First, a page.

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At a news conference in February, Major John Tibbitts discusses the strange case of a skier who disappeared from Whiteface Mountain and ended up in California. Photo by Mike Lynch.
By James M. Odato
Constantinos “Danny” Filippidis left a trail of questions after skiing off Whiteface Mountain and ending up in Sacramento, California, in February. Many remain unanswered, even as the forty-nine-year-old captain in the Toronto Fire Department prepares to return to work.
“It’s a head-scratcher,” said New York State Police Major John H. Tibbitts Jr.
He said detectives have interviewed Filippidis several times, and he has been cooperative, granting access to his cell phone, bank accounts, and doctors’ reports. Nothing unusual has surfaced in the records, Tibbitts said, and Filippidis’s story about not remembering what happened to him from February 7 to February 13 has been consistent.
The narrative goes this way: He and friends and colleagues from Canada, on an annual ski trip to Whiteface, were ending a multi-day stay. Some had already left for home. Everyone had stopped skiing at 2:30 p.m. on February 7 except Filippidis, who planned one final downhill run on the packed powder. A skiing buddy headed for the bottom from the mountain’s mid-station.
No one saw Filippidis again, although his skis, boots, and car remained at the ski area. Whiteface staff was notified about two hours after he was last seen.
Photo of Danny Filippidos taken in Sacramento.
A search commenced. For six days, scores of professionals from several public agencies and volunteers and friends combed rugged, snowy territory in severe cold. Helicopters and dogs were employed. More than 9,426 searcher-hours failed to turn up the lost skier, said David Winchell, a spokesman for the Department of Environmental Conservation. Searchers were hampered by a storm that dumped several inches of snow.
The search came to an end on February 13 after Filippidis called his wife and someone called 911 from the rental-car area of the Sacramento International Airport. The call suggested that a “suspicious person” was having a problem and in need of medical help, said Sergeant Scott Swisher of the Sacramento County Sheriff’s Department. Filippidis was transported to a local hospital.
“On our end as well it left a lot of unanswered questions,” said Swisher. “It was apparent there were a lot of issues going on with the gentleman—very disoriented, obviously needing some medical assistance.”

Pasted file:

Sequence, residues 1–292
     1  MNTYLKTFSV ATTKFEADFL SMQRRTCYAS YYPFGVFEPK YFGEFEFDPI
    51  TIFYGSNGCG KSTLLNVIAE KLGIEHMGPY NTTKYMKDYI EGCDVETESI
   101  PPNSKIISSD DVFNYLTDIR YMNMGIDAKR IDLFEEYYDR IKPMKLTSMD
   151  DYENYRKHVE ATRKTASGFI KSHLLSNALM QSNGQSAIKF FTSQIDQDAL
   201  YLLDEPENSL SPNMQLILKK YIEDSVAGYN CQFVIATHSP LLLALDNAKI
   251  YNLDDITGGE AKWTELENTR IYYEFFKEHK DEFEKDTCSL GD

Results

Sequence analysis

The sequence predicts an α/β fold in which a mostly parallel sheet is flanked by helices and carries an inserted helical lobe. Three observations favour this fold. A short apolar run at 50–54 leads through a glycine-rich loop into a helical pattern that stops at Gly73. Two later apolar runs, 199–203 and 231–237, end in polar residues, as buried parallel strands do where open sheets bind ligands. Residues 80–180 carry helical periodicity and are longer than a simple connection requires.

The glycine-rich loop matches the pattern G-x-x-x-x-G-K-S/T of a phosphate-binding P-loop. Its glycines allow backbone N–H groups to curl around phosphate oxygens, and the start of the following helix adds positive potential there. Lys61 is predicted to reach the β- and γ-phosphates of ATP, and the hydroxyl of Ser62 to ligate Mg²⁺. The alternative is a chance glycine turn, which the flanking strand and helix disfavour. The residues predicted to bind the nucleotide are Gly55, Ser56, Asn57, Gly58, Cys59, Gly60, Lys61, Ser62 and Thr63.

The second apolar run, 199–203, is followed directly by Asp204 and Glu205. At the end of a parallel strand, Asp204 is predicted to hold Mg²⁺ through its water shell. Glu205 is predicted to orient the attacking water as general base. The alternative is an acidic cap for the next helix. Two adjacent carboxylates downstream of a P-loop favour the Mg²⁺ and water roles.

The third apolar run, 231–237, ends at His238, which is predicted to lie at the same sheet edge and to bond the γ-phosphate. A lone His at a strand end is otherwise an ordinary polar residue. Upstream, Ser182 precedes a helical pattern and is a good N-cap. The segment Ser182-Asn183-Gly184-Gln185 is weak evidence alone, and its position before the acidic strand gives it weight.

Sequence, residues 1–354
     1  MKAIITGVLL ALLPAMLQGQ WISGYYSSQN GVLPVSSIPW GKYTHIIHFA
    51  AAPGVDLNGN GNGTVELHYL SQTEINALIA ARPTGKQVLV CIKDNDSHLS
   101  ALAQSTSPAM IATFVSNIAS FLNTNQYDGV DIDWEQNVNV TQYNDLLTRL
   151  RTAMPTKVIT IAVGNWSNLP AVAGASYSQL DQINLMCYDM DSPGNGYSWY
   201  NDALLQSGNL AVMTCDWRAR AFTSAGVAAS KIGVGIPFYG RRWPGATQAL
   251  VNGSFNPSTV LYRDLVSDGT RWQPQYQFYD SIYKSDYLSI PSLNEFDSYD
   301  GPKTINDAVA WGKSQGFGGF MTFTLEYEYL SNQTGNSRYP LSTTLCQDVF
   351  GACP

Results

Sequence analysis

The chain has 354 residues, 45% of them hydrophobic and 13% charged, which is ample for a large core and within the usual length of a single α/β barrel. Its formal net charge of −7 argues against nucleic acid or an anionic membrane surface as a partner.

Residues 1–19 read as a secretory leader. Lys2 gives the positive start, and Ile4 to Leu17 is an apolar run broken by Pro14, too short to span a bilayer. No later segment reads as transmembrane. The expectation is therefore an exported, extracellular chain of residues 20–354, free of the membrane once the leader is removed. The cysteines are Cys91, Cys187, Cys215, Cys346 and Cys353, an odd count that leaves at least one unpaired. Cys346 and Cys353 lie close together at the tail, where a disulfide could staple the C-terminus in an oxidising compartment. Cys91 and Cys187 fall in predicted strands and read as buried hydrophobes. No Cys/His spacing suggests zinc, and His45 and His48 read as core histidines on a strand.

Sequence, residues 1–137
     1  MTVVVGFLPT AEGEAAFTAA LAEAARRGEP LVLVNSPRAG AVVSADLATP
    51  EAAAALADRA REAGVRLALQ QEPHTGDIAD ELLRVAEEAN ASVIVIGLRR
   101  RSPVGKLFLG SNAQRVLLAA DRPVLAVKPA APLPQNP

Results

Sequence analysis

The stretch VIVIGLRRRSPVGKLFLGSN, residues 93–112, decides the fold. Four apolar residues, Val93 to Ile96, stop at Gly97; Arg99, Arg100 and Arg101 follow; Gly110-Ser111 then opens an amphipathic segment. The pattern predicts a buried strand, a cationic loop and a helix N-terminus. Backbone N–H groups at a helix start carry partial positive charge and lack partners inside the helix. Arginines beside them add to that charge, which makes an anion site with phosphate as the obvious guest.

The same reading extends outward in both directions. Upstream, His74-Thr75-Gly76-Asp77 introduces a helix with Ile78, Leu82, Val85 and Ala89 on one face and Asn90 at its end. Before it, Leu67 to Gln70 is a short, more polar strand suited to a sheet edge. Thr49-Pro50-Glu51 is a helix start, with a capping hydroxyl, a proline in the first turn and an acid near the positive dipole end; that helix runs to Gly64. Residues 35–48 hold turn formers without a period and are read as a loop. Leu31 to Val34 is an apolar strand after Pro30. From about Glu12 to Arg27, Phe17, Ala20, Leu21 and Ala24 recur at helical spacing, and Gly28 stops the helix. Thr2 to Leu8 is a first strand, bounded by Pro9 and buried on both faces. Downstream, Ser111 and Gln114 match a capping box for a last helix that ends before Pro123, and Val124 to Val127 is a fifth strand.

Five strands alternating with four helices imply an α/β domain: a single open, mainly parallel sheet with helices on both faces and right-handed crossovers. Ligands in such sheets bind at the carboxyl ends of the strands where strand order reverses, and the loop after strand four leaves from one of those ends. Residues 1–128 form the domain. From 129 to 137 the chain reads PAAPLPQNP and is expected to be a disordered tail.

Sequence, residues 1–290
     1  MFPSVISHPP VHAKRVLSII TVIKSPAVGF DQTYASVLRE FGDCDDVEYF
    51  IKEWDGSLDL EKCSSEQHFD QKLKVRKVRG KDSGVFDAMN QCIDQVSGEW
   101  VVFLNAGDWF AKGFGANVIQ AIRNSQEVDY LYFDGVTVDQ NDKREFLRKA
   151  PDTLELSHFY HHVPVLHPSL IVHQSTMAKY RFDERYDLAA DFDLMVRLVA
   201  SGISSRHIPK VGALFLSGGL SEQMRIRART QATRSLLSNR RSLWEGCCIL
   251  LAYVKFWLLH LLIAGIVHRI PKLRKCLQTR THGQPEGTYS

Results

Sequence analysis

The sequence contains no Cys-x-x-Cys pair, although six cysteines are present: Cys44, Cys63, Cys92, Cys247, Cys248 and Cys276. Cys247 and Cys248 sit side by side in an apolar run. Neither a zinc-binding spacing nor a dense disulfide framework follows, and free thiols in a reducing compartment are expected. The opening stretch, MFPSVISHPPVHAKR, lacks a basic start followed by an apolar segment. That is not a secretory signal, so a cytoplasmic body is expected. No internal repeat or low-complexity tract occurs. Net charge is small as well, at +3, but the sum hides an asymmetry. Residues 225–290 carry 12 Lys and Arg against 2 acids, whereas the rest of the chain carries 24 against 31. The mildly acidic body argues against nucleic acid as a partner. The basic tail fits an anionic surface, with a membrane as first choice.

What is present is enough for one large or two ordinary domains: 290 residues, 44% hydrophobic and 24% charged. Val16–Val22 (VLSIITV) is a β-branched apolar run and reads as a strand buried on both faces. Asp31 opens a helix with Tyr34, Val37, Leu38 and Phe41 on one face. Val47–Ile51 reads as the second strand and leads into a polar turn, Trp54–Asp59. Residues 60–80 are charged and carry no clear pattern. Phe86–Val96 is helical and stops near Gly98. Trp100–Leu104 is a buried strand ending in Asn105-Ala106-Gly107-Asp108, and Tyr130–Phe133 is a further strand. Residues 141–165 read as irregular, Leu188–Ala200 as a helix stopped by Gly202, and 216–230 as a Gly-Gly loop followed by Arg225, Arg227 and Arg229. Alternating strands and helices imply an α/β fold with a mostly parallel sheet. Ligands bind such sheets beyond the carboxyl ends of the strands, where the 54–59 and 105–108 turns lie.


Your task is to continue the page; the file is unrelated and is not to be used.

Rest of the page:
Tibbitts said Filippidis has held to his story of being picked up by a trucker, sleeping a lot, and getting dropped off in Sacramento, buying a cell phone, and getting a haircut. He still was wearing his ski outfit when discovered.
How he got from the ski area into a truck is unclear. “He ended up on the side of the road, the only one we’ve got there is [Route] 86,” Tibbitts said “We don’t have a lot of interstate truck traffic coming up 86.” Perhaps, he said, an independent trucker offered a ride.
“He can’t describe the trucker or the truck or anyone,” Tibbitts said.
Toronto Professional Fire Fighters’ Association President Frank Ramagnano said he has been in touch with Filippidis and his family and firefighters who accompanied him and searched for him. He describes Filippidis as a solid leader who is close to retirement. He and his wife are empty-nesters whose two sons are in college. Filippidis recently sold the family home in the city and moved near a ski center, where he has a season pass and skis regularly.
Filippidis is undergoing tests and remains under medical care, the union leader said. “He plans to return to his pre-ordeal work,” Ramagnano said in early March. “Things are moving nicely, and he should be back to work within the next several weeks.”
He said Filippidis sounded normal on the phone. Ramagnano didn’t probe him too deeply on what happened. “It may be a mystery,” he said, adding that he is extremely thankful to the searchers in New York.
Tibbitts said there is no indication that any law was broken. He added that emergency crews and first responders gained valuable winter experience during the search. He is still hopeful that the photograph of Filippidis that police distributed will be seen by someone who can shed light on the skier’s lost days.
“I don’t want to say it was a cold case,” he said. “It was a missing person’s case. We found him; technically, he found himself.”
Click here to read an account of a State Police news conference in February.
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